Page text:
Perhaps awkward clumps of heroes without regard for personal boundaries would be easier to handle if the levels were accommodating, but alas, you spend a good amount of time walking down narrow, flavorless corridors and encountering poorly placed clusters of enemies prepared to take advantage of your team's greatest weakness: a bad camera. It's bad enough that it will nauseatingly swoop around to give you a completely different view of the action than you need, but it has an even worse habit of positioning itself just above doorways where a cluster of collaborators will be waiting to deliver a beatdown. As if to give you a fancy cinematic view, there are a few sequences in which you watch the action from the side, but most of these occasions don't work out. In one case, you view through a series of windows broken up by slats, so you can't even see the action that well. Furthermore, the game's low frame rate drops even further during these sections, which breaks up the flow and destroys any visual appeal that may have been gleaned. It seems that the camera was created to handle large, open-air environments--but Marvel Ultimate Alliance 2 doesn't feature any. Even the city-street levels--the largest in the game--suffer from these issues.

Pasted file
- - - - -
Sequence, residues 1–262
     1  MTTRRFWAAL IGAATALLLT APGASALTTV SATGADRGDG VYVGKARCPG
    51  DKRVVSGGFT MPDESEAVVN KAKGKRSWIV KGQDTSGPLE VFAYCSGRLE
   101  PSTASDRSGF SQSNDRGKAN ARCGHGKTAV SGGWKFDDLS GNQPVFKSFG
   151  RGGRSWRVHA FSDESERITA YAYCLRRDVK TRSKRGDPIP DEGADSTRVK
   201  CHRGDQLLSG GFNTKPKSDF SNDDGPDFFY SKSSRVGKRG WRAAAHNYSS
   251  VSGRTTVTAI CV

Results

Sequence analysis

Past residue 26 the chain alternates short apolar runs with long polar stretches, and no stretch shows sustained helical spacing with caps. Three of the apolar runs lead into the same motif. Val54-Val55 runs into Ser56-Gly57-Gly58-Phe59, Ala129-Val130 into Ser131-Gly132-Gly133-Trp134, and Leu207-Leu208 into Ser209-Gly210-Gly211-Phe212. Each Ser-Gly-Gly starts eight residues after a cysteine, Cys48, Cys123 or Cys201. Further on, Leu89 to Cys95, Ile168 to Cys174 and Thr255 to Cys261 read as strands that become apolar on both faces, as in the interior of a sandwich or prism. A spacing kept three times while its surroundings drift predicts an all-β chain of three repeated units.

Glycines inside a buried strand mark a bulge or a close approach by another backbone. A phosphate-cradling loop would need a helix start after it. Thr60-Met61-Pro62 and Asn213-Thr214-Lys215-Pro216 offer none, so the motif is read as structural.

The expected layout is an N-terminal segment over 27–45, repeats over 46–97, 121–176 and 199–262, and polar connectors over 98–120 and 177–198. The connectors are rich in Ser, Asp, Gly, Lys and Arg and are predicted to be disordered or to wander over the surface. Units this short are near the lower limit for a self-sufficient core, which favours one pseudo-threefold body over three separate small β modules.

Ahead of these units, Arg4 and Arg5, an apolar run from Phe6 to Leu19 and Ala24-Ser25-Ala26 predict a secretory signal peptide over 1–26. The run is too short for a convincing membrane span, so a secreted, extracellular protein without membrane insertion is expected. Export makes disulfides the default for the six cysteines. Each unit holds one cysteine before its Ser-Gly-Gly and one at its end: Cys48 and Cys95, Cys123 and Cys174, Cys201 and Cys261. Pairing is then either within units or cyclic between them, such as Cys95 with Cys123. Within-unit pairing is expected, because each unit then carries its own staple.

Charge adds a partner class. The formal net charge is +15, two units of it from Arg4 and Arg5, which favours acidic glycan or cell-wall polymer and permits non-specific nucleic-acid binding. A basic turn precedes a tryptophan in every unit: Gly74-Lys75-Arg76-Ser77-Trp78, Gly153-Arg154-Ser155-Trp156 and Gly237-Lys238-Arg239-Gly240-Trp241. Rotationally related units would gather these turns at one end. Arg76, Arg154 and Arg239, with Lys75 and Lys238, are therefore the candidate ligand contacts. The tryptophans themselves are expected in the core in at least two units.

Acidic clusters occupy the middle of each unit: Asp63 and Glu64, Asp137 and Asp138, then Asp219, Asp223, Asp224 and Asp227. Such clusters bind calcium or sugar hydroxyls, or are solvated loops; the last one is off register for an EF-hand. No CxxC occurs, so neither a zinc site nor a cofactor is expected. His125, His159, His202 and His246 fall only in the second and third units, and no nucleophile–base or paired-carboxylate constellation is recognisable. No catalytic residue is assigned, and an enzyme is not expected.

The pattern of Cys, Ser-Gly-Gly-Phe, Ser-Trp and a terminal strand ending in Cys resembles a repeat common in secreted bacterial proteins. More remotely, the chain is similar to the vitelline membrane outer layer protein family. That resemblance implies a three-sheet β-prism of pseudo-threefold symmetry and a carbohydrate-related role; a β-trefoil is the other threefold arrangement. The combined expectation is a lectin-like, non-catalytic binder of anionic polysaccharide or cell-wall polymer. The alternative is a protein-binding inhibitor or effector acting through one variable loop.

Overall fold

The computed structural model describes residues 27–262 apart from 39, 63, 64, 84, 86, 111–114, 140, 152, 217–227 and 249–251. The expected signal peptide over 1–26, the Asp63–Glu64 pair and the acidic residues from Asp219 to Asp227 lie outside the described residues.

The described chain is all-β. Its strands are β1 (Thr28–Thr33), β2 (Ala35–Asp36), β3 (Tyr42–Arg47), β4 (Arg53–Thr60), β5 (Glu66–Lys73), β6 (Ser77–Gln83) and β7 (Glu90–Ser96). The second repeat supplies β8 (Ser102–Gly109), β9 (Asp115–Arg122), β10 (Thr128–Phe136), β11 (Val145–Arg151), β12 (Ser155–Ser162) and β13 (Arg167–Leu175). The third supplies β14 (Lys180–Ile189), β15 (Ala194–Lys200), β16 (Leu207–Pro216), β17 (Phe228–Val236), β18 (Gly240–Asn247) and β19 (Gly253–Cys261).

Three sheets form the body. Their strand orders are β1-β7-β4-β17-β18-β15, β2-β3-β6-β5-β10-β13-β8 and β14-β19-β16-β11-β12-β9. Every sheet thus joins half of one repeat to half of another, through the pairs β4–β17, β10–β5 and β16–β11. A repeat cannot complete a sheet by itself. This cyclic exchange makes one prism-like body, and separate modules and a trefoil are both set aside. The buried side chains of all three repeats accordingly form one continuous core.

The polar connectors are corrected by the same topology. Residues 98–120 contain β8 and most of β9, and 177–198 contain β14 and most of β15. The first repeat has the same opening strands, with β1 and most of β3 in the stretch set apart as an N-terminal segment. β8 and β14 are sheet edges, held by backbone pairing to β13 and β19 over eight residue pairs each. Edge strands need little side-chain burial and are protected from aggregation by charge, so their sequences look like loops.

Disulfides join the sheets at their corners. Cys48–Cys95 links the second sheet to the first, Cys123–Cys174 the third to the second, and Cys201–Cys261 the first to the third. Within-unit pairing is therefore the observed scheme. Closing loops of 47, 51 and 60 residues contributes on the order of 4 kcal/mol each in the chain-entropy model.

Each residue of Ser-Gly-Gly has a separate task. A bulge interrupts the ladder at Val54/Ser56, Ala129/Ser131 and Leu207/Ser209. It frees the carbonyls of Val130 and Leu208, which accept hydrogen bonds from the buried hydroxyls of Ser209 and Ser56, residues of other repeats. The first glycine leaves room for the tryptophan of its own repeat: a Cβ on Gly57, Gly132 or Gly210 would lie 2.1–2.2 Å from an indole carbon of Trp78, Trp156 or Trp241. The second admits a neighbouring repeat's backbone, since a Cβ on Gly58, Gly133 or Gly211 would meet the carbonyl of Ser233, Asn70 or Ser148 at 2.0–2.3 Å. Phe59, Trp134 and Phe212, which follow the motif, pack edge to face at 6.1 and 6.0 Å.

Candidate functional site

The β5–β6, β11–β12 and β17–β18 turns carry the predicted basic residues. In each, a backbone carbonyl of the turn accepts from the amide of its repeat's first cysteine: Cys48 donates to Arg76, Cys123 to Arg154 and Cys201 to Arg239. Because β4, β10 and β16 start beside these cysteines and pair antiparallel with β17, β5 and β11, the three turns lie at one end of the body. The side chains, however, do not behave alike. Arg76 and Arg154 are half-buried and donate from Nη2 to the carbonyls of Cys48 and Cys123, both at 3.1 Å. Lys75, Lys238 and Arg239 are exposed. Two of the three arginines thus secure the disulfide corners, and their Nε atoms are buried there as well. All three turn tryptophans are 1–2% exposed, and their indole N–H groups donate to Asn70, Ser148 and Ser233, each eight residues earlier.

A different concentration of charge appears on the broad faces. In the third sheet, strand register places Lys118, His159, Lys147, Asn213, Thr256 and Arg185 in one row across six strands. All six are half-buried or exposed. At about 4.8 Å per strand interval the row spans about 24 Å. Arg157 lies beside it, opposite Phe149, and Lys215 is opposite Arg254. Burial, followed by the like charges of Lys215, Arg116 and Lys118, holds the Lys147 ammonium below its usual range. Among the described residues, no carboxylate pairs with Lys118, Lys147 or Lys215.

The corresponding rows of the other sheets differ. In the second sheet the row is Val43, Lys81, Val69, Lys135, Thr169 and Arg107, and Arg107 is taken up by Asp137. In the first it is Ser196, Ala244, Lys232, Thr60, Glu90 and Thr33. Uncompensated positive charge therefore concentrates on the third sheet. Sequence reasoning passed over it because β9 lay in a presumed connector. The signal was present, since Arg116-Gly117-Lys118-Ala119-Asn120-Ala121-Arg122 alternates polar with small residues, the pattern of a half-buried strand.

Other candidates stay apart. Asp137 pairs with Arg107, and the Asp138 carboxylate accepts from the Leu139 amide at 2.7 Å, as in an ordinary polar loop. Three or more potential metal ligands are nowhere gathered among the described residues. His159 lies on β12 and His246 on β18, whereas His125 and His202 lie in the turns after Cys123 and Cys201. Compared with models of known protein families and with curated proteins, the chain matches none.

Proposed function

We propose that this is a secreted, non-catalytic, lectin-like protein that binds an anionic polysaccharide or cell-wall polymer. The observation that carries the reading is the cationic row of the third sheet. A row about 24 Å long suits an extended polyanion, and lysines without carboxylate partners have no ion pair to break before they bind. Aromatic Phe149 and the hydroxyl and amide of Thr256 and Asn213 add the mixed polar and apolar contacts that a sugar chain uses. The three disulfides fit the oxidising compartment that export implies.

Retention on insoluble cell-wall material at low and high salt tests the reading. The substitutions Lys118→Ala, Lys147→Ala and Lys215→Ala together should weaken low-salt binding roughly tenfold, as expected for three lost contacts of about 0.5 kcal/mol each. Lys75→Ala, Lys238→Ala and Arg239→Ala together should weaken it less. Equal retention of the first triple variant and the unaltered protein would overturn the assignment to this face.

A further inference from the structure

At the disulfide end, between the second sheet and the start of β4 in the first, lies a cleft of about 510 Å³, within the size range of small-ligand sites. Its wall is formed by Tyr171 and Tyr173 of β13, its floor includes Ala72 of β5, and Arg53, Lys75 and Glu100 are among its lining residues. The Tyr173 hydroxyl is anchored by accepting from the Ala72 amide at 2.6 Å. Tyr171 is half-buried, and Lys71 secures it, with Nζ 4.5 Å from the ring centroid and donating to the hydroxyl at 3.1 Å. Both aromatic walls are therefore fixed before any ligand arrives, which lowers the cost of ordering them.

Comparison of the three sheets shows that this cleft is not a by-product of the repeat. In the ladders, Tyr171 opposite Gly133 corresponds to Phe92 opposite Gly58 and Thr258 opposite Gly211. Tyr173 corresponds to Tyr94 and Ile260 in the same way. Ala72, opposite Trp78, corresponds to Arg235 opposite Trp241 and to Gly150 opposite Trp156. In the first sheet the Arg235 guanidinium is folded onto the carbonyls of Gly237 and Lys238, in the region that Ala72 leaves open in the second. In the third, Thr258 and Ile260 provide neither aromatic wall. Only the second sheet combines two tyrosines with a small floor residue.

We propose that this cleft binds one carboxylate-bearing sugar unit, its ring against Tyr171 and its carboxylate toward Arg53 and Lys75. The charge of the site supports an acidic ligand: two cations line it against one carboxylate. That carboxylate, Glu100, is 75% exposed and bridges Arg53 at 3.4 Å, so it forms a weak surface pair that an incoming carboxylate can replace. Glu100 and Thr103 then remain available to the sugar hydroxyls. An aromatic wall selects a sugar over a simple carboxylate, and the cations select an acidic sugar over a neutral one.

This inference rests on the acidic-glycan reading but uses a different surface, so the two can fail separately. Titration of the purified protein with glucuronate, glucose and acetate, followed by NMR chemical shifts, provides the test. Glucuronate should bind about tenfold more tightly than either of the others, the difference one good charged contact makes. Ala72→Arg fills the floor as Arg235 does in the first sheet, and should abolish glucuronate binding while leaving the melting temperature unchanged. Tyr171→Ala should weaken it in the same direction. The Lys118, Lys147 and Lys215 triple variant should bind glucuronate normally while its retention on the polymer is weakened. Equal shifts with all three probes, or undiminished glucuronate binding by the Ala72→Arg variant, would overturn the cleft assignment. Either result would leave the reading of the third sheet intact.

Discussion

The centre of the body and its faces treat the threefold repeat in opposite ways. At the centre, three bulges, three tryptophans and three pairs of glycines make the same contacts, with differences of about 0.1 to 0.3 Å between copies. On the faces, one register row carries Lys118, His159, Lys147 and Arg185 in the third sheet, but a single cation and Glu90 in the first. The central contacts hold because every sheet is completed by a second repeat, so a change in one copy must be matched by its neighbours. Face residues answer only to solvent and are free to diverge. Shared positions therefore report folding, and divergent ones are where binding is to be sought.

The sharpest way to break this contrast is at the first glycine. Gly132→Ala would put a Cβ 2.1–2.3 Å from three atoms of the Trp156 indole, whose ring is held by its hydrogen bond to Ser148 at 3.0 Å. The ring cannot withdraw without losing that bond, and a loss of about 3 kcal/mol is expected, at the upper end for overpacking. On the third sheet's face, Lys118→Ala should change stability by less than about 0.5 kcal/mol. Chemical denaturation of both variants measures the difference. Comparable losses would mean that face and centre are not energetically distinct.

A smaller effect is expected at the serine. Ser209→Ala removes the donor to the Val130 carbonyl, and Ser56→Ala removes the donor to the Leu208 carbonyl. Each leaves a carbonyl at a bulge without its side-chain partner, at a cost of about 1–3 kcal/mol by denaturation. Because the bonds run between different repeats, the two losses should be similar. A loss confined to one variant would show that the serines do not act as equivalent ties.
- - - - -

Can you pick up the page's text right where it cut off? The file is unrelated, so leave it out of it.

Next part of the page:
The action isn't all bad, but it isn't good either. At its simplest, the button mashing, superpower-infused mayhem has a basic appeal. Yet Marvel Ultimate Alliance 2 seems to go out of its way to diminish the sense of flow and might that its combat should instill. The frame rate is consistently low and the animations are choppy, which in turn translates to lag in the controls. When pressing an attack button, your character may not respond immediately, and this delay sucks the immediacy out of the combat. The more action that occurs on the screen, the less in control you feel. It's like playing an online RPG with lag: Everything becomes herky-jerky and characters look like they are teleporting around. When camera issues are thrown into the mix, the awkwardness of it all is overwhelming. These frustrations culminate in the game's bonus missions. If you want to expand your roster and add unlockable characters to your team, you have to take on these scenarios. It's too bad you don't unlock characters as you play the campaign (as in the Xbox 360 and PlayStation 3 versions of the game) because these missions are a hassle and therefore not worth the trouble. For example, to unlock Jean Grey, you have to perform a solo mission in which you must destroy a bunch of vehicles by telekinetically flinging self-destructing enemies at them. But this mission is the opposite of fun. The suicidal foes get stuck on objects and spawn in too few locations; when these issues are combined with the ungainly camera, your annoyance levels rise.